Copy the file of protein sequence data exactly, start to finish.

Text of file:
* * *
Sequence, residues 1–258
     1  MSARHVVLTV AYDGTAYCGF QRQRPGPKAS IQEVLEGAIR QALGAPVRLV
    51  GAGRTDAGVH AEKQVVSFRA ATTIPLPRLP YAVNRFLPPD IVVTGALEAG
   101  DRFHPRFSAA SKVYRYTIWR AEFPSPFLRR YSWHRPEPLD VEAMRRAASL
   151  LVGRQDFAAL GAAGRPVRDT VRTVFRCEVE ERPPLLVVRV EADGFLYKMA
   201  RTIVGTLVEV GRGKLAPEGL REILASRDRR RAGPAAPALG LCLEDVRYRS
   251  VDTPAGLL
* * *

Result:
Sequence, residues 1–258
     1  MSARHVVLTV AYDGTAYCGF QRQRPGPKAS IQEVLEGAIR QALGAPVRLV
    51  GAGRTDAGVH AEKQVVSFRA ATTIPLPRLP YAVNRFLPPD IVVTGALEAG
   101  DRFHPRFSAA SKVYRYTIWR AEFPSPFLRR YSWHRPEPLD VEAMRRAASL
   151  LVGRQDFAAL GAAGRPVRDT VRTVFRCEVE ERPPLLVVRV EADGFLYKMA
   201  RTIVGTLVEV GRGKLAPEGL REILASRDRR RAGPAAPALG LCLEDVRYRS
   251  VDTPAGLL